This isn’t a partisan attack on Mac OS X or Linux. Both are fine systems, with their own particular strengths; and as far as security by obscurity goes, it’s certainly a valid enough reason to consider using OS X or Linux instead of Windows. It’s one of the reasons we both use Mozilla Firefox instead of Internet Explorer: in addition to various features that Firefox offers, the browser is hacked a lot less often than IE simply because fewer people use it.

Source of Information : Wiley Windows 7 Secrets (2009)

Windows 7 - 32-bit vs 64-bit versions

Microsoft says that 32-bit versions of Windows support up to 4GB of RAM (while 64-bit versions support quite a bit more). While this is technically true, 32-bit versions of Windows are actually limited in their support of RAM because of its underlying architecture. Therefore, even on systems with a full 4GB of RAM, 32-bit versions of Windows can really access only about 3.12GB to 3.5GB of RAM, depending on your configuration. In the initially shipped version of Windows Vista, the System Information window would accurately portray how much RAM it could access, but this confused (and probably infuriated) those who paid for and installed 4GB of RAM, so with Windows Vista Service Pack 1 (SP1), Windows now reports that your PC has 4GB installed, even though it can’t use all of it. Windows 7 carries over this behavior unaltered.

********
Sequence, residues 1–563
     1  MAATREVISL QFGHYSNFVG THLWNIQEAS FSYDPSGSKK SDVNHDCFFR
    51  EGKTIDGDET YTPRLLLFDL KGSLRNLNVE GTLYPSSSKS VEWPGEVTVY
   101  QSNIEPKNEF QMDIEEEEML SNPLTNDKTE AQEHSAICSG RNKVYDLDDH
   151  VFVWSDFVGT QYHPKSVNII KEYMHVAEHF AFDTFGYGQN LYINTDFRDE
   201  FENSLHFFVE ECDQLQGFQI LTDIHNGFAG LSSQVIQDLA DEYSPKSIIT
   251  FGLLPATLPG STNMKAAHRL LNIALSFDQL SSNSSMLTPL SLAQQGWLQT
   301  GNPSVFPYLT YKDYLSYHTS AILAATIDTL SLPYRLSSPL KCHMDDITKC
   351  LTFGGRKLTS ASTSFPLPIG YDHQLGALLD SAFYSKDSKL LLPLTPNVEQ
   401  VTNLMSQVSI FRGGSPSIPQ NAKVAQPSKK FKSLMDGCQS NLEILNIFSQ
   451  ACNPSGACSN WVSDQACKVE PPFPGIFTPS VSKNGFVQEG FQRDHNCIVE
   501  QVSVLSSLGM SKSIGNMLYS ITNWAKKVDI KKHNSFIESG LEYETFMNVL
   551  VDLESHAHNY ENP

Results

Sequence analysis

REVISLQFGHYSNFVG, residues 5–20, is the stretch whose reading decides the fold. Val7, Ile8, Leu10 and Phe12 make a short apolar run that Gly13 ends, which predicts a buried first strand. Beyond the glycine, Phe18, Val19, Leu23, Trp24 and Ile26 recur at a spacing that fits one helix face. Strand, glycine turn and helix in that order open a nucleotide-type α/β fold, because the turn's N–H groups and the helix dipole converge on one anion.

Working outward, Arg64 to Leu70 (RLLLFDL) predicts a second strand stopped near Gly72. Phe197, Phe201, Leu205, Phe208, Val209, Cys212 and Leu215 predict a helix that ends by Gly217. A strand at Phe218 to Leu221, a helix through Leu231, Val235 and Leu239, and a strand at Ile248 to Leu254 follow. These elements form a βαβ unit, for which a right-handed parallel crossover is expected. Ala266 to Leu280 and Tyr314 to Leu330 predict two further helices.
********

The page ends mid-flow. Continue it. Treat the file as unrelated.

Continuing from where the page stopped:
The obvious question is whether you should even bother upgrading to 4GB of RAM when your 32-bit version of Windows 7 can’t actually address almost 1GB of that storage space anyway. The answer is an unqualified yes, for two reasons. First, you’d have to really go out of your way to upgrade a PC to 3GB of RAM instead of 4GB, and the cost differential would be minimal. Second, who says you’re always going to be using a 32-bit version of Windows? You may later decide to go the 64-bit route. When that happens, you’ll be happy you went for the full 4GB of RAM instead of saving a few pennies to no good end.

For the record, we max out the RAM on every single PC we purchase because the costs are so minimal and the effect is extremely positive. You just can’t overstate how important more RAM is to Windows. 8GB of RAM may have been a fantasy a few years ago, but for a modern, Windows 7–based PC, that’s just a starting point.

Source of Information : Wiley Windows 7 Secrets (2009)

Improving Windows 7’s Memory